Cilia

, 1:P64

The role of primary cilia in mouse adrenal and zebrafish interrenal development

Authors

    • Queen Mary University of London
  • L Guasti
    • Queen Mary University of London
  • R Ashworth
    • Queen Mary University of London
  • C Brennan
    • Queen Mary University of London
  • P Beales
    • University College London
  • V Marion
    • Université de Strasbourg
  • P King
    • Queen Mary University of London
Open AccessPoster presentation

DOI: 10.1186/2046-2530-1-S1-P64

Cite this article as:
Cogger, K., Guasti, L., Ashworth, R. et al. Cilia (2012) 1: P64. doi:10.1186/2046-2530-1-S1-P64

Primary cilia play key roles in development, cell signalling and cancer, and are involved in signal transduction pathways such as Hh and Wnt signalling. The adrenal cortex produces steroid hormones essential for controlling homeostasis and mediating the stress response. Signalling pathways involved in the process of its development and differentiation are still being identified but include Hh and Wnt, and adrenal development is thus likely to require cilia. I have demonstrated that inhibiting cilia formation, using siRNA targeted to different ciliary components, results in reduced differentiation of the human adrenal carcinoma cell line H295R towards a zona glomerulosa (zG)-like phenotype. These data suggest that primary cilia play a key role in adrenal differentiation, but which signalling pathways are involved still remains unclear. I have also discovered that adrenals from Bardet-Biedl syndrome (BBS) mice, the most prominently studied ciliopathy, have thin capsules, the proposed adrenal stem cell niche, and abnormal histology, while zebrafish embryos injected with morpholinos targeting BBS genes show delayed and reduced expression of ff1b, a marker of interrenal tissue. These data further suggest a role for primary cilia in adrenal development and maintenance. These studies are the foundation for elucidating the role of primary cilia in the development and function of the adrenal gland, and furthering our understanding of adrenocortical development. This promises to lead to improved management of adrenal dysfunction, and demonstrating that adrenal defects are a characteristic of ciliopathies will potentially inform new strategies for patient care.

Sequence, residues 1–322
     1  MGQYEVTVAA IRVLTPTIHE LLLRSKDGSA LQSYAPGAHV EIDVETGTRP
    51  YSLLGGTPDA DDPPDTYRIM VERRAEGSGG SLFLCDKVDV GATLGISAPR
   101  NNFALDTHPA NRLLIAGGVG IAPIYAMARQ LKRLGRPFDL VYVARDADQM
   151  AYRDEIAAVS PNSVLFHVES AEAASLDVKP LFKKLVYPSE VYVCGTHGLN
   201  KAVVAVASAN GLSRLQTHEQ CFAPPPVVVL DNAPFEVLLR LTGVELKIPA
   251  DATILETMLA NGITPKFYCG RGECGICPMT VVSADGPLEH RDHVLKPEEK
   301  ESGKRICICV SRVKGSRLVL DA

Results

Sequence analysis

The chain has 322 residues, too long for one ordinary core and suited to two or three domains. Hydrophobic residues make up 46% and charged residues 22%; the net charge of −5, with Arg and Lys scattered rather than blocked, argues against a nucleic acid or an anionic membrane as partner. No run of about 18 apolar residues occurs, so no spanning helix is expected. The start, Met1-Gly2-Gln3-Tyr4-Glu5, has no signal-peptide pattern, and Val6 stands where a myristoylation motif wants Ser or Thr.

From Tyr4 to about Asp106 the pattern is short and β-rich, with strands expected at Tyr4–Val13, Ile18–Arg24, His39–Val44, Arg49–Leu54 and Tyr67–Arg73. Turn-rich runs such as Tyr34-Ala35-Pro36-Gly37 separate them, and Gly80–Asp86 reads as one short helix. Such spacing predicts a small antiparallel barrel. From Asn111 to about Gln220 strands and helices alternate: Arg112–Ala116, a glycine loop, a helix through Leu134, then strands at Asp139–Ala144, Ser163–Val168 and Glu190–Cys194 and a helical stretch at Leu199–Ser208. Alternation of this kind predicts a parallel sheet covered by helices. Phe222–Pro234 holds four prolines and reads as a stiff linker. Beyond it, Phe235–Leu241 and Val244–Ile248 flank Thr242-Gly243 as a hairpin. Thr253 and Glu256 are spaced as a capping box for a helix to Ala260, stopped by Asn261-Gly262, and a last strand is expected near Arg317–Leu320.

Copyright information

© Cogger et al; licensee BioMed Central Ltd. 2012

This article is published under license to BioMed Central Ltd. This is an Open Access article distributed under the terms of the Creative Commons Attribution License (http://creativecommons.org/licenses/by/2.0), which permits unrestricted use, distribution, and reproduction in any medium, provided the original work is properly cited.